Stanley Tucci’s Trick for the Perfect Ragù Is So Easy You Won’t Believe You Didn’t Think of It

Even Ina Garten was impressed by this Tucci family secret.

<p>Getty Images/Allrecipes</p>

Getty Images/Allrecipes

There are few things we love more than a Stanley Tucci-approved pasta dish. Whether it’s his five-ingredient pasta with fresh tomatoes or the “life-changing” zucchini spaghetti he fell in love with on "Searching for Italy", anything Tucci makes, we already know is going to be delicious.

So, when he shared his family’s method for making traditional ragù on a recent episode of "Be My Guest With Ina Garten", we knew it was going to be our new go-to.

“Do you only cook Italian,” Garten asks.

“It’s what I’m best at, so I play it safe,” Tucci responds with a chuckle.


Not only do we trust Tucci’s recipes because he’s been cooking his way through Italy for years on his CNN show, but also both his parents are of Italian descent and ragù is the meal that his family would enjoy nearly every weekend.

“The aroma is what I awakened to practically every Sunday morning of my childhood,” he said in an Instagram post.

How to Make Stanley Tucci-Approved Ragù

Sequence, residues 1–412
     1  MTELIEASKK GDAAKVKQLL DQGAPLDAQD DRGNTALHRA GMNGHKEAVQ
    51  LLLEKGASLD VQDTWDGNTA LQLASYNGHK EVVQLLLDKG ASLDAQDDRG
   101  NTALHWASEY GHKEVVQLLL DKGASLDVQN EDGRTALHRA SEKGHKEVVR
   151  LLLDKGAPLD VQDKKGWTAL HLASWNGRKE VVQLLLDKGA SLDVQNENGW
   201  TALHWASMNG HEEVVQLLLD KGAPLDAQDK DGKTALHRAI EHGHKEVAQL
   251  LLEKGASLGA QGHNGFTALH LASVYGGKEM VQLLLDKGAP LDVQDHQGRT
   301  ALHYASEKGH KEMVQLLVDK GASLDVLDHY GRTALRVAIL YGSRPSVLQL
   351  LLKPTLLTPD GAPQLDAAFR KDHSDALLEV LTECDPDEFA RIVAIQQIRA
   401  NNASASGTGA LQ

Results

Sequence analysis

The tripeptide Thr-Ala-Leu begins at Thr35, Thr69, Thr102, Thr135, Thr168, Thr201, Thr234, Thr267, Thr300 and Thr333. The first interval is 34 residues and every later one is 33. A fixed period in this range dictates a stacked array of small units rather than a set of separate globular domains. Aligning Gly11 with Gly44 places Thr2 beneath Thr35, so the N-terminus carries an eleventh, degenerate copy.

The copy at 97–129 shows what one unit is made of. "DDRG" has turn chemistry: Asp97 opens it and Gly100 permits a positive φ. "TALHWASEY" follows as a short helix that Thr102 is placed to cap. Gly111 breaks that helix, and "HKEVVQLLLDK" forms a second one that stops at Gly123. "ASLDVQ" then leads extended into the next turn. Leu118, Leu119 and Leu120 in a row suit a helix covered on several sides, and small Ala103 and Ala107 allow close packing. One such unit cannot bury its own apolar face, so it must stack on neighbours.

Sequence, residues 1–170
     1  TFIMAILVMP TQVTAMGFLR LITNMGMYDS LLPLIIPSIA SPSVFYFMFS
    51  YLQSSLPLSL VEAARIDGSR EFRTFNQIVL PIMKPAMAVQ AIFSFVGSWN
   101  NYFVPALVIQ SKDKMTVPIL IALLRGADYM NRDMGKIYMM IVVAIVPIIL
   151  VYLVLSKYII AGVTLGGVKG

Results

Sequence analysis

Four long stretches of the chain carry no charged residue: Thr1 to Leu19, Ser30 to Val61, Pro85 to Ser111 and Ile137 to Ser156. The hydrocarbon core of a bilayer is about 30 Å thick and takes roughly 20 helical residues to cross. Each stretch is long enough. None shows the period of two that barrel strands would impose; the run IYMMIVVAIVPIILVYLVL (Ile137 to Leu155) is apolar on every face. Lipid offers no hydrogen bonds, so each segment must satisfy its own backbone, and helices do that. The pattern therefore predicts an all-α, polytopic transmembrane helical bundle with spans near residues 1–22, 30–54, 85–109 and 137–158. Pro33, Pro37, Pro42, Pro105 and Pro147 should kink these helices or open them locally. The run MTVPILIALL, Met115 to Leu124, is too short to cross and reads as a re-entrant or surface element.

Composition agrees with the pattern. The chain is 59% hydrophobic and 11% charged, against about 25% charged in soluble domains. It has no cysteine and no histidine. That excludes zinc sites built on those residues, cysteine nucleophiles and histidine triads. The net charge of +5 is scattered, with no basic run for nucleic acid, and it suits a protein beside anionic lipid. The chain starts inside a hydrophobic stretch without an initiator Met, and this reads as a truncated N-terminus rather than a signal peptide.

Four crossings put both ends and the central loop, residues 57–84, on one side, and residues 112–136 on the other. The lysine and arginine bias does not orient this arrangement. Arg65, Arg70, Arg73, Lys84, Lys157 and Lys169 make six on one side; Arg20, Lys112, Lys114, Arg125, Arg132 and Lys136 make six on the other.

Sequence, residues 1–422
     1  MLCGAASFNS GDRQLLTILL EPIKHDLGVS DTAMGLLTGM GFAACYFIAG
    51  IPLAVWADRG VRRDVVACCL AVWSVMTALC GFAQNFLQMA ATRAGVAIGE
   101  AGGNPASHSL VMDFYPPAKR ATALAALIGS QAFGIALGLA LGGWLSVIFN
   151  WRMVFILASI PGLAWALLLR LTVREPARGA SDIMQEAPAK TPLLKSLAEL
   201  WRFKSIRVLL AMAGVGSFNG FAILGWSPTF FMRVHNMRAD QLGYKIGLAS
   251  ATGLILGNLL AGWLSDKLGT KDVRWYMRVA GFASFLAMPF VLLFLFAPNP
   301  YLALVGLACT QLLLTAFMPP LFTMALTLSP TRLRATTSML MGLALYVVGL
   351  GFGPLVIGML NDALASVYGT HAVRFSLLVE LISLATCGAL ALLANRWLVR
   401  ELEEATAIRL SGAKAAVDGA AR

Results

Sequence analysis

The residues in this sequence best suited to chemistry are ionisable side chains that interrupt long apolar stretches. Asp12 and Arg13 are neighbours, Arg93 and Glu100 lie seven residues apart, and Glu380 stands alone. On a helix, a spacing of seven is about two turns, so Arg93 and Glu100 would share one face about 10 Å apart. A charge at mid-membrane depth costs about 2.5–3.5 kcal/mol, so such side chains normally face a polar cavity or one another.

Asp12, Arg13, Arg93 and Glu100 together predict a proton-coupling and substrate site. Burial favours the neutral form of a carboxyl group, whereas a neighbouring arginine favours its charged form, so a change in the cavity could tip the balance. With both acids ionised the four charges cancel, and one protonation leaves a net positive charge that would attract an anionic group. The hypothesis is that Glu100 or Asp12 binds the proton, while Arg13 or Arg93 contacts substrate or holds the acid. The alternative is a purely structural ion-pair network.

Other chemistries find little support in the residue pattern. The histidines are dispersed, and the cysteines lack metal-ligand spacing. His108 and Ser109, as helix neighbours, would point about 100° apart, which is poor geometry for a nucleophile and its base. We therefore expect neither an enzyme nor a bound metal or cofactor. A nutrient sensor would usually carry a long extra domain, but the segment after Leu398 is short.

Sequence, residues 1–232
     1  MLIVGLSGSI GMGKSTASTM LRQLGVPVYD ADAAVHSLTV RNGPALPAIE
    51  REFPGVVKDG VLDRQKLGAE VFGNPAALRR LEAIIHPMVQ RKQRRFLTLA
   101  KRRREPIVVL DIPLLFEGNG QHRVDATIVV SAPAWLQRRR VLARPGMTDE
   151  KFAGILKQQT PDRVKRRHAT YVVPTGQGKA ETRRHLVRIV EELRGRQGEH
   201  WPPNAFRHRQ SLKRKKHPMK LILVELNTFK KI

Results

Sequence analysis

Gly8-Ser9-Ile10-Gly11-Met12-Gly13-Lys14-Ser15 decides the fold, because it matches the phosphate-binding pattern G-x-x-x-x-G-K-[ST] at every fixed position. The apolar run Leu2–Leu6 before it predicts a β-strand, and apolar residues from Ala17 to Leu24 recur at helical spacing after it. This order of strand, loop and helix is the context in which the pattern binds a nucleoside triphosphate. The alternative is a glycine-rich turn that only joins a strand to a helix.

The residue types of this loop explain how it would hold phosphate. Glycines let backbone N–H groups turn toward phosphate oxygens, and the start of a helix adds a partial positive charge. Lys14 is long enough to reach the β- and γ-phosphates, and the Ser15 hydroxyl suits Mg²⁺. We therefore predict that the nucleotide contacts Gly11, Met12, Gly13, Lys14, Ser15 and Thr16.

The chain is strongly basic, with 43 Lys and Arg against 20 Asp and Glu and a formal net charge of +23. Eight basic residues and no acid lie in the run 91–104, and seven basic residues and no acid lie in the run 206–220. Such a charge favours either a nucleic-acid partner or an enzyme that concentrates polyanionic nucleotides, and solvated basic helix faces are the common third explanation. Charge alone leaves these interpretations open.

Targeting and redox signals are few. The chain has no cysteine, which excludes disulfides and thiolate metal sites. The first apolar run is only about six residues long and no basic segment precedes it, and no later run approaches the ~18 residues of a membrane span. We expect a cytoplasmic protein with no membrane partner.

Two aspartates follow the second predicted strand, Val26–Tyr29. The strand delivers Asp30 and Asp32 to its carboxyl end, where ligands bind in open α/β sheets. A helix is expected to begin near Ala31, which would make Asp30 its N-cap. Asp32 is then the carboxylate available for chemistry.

“A classic ragù, it’s a meat-based dish, which is cuts of beef. You’re basically making a slow-cooked sauce,” Tucci tells Garten.

To make Ragù Tucci (as it’s called in Tucci’s memoir "Taste: My Life Through Food"), you’ll start by searing the meat. Once it’s slightly browned, remove it from the pot, but don’t drain the juices. That’s the first step to the flavorful meat sauce.

The second key part to a good ragù, according to the Tucci family, is whole San Marzano tomatoes. You don’t want to buy tomato purée or chopped tomatoes. Instead, buy canned San Marzanos and puree them yourself in a food processor.

The final step might be the most important. After you add the meat back to the sauce and let it cook for a few hours, you want to remove it and strain out any bones before adding the pasta.

“You take the meat out, you set it aside, [and] you toss the pasta with that sauce,” Tucci says.

“So you have the pasta first and then the meat,” Garten asks.

“And then the meat,” he confirms.

For Tucci’s traditional ragù, you’ll coat your pasta—Tucci likes to use rigatoni or penne rigate—with the sweet, rich red sauce, and serve the tender meat on a separate platter.

Never are the pasta and the protein served together in this case,” Tucci writes in his book.

But, as previously mentioned, everyone serves their ragù differently, so you can add your meat to the top of the pasta, if you like. The important part is that the pasta holds on to the sauce and the flavors meld into the pasta while the meat is flavorful and tender on its own. If you want to eat them together, we won’t stop you, just don’t let Tucci know you’re doing it.

You can find Tucci’s full ragù recipe on his Instagram or in his memoir "Taste: My Life Through Food."